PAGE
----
Mark, What I notice missing from most books related to SOA is 'Testing'. In a larger Corporation that utilizes SOA there is quite a large cost in testing services. Can you speak about best practices with regard to planning a large scale SOA implementation that accounts and plans for a formal testing process?
Some typical issues may be:
Costly to replicate a production like SOA environment due to the sheer number of systems and data dependancies.
Versioning of services is not standard. While we can tell when a WSDL changes it's difficult to know when your service has changed.
Services require something closer to exhaustive testing due to the API like nature and enhanced risks due to the possibility of mutiple business units consuming the services.
Performance needs are difficult to predict in shared environments
Unfortunately, my book doesn't include any advice on testing a SOA either! Although the build process (Maven) for some of the code samples include JUnit based integration testing. Basically, having a test client fire a variety of messages at a service and checking that the returned messages conform to expectation. I guess you would call that "service level" testing. It is OK for testing individual services. But, there is a whole additional layer of integration testing required to test a SOA application.
Sounds like another book ..... ;-)
I did find this article by David Linthicum that might be helpful.
As I think about this, I am realizing that nobody "tests" the Web - right? I mean, people are building useful mashups, and doing eCommerce over the Web. It is one giant SOA. But nobody tests the whole thing. The applications are loosely-coupled, so they can be designed to be fairly fault tolerant. Maybe with SOA applications, we just need to accept that they cannot be tested to the same rigorous level as tightly coupled OO applications that run in a single address space. Each individual service can be rigorously tested. And a specific business process can be tested. But, I don't see how you can realistically test an entire SOA.
Those are just some thoughts. I'd be interested in what other have to say about it. [ May 30, 2007: Message edited by: Mark D. Hansen ]
.. But, I don't see how you can realistically test an entire SOA.
Tell that to the people who are responsible for doing just that!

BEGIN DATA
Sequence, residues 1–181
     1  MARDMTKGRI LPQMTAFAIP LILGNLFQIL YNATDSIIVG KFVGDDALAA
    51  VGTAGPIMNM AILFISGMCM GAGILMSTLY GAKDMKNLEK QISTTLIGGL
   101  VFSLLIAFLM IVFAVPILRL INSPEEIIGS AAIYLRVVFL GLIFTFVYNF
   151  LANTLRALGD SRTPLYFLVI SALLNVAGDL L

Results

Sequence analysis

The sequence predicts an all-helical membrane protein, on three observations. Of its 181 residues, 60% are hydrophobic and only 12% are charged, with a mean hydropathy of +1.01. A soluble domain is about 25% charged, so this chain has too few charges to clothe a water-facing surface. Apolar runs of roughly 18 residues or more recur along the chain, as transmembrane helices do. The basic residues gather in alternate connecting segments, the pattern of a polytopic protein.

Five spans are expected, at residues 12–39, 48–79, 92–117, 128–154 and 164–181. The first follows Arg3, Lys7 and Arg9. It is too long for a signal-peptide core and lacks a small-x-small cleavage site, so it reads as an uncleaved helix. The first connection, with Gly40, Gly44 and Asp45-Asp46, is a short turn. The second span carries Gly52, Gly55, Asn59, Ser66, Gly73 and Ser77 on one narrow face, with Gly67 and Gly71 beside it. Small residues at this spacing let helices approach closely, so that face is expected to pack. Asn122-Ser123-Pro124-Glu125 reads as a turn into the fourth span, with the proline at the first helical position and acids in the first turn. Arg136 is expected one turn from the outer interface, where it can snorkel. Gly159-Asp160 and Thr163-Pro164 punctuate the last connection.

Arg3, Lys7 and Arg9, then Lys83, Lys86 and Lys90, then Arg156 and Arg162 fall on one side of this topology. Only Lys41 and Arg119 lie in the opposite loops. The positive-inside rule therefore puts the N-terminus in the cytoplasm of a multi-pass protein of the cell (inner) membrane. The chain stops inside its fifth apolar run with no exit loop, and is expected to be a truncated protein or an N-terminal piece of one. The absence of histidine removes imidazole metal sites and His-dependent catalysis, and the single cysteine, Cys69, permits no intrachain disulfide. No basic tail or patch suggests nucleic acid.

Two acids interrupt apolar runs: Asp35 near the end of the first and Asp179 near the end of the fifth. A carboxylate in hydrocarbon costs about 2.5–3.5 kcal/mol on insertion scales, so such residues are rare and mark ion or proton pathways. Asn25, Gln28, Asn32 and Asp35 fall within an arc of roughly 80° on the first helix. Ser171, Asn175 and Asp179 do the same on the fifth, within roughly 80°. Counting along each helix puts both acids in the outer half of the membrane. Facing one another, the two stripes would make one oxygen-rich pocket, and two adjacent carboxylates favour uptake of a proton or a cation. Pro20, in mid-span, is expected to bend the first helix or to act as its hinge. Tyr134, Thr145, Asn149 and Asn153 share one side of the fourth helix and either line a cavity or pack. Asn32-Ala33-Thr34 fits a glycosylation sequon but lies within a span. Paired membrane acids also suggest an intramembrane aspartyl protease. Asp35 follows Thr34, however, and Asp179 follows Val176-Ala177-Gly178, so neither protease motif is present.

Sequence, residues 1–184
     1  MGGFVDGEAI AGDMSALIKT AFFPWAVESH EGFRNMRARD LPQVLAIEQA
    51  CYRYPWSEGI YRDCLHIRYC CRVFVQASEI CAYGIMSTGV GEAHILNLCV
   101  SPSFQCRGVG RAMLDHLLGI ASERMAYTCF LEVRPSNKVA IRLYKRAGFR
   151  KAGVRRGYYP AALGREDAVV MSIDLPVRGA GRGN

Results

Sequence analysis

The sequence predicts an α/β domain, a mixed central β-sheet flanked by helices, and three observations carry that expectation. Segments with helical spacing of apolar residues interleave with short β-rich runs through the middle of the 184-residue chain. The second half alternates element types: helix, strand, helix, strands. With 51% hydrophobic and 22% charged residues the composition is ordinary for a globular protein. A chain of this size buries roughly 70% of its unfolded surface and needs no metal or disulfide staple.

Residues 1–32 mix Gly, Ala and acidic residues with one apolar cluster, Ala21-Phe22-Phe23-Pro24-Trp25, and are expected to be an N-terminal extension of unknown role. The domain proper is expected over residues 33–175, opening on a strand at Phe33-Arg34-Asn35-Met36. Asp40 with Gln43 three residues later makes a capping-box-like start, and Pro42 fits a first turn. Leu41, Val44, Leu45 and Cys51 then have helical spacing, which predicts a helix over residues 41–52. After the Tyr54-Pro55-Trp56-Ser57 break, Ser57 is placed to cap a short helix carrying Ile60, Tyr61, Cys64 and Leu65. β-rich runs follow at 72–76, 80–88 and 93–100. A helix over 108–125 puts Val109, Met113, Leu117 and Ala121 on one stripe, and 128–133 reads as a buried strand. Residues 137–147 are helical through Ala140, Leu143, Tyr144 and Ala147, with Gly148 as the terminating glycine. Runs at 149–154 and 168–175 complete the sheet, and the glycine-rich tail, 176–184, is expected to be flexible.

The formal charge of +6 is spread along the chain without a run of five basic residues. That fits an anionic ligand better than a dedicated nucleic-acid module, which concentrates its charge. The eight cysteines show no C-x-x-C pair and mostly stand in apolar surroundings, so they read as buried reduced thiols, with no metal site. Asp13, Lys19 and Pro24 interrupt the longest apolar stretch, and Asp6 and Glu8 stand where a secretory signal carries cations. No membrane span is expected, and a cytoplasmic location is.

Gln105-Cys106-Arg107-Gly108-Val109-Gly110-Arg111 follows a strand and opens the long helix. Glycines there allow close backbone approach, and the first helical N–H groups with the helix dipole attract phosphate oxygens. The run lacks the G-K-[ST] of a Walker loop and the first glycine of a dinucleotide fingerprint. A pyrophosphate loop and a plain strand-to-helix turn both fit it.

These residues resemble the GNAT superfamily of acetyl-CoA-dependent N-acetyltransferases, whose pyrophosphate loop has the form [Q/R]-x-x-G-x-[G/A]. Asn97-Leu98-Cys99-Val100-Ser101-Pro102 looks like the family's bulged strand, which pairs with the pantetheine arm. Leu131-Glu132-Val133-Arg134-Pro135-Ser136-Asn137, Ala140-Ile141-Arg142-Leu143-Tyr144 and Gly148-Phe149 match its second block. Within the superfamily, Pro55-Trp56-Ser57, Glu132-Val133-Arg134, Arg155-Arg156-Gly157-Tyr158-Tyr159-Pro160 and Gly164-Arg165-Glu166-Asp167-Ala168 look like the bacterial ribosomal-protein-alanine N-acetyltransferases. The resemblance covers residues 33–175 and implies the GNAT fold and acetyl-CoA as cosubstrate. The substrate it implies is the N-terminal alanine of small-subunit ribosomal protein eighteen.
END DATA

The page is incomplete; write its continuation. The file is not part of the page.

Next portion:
I think it's a serious problem that in most discussions and books the long term care and feeding of a SOA architecture is not addressed. Testing is a huge issue and its even more important with SOA due to the loosely coupled nature.
I would be very interested in a new book from you on the real world care and feeding of SOA with emphasis on the SDLC and how a SOA architecture must account for all phases of testing. From someone who works with this daily I can tell you that there is much need to educate the architects and developers who are planning SOA implementations.
I think most people just look at the individual service when they think of testing SOA. This may be ok if you are putting your service on the internet as a one-off. For a large company that moves to SOA the reality is that the applications that consume the services need to be tested as well so it is very important to plan for holistic solutions. SOA is not just the services it's the services and the consuming applications.
Talking mashups is one thing. Talking mission critical banking applications is a completely different discussion. If SOA is so difficult to test at a large scale is SOA really good idea for things like Banking where a formal SDLC is followed? Because testing is never really discussed when talking about SOA are companies making choices to move to SOA without knowing all the risks?
Do you (or really anyone else) think that SOA creates addtional complexity for the testing phase regardless of application?
I'm not trying to be critical of you, but your answer is an example of the problems I am seeing in companies today. The SOA experts are not giving the testing phase enough thought before initiating the project to build the ESB and it puts an enormous strain on the initiative and the resources responsible for planning and performing the testing of services and the applications that consume those services.
An exmple of building testing into your approach might be to build your services with two modes. A production mode and a test mode. This can possibly provide some ability to test the service in production.
I would definately like to see more discussion on 'real world' SOA. If you are really interested in a second book I'd be willing to connect you with some real world implementations.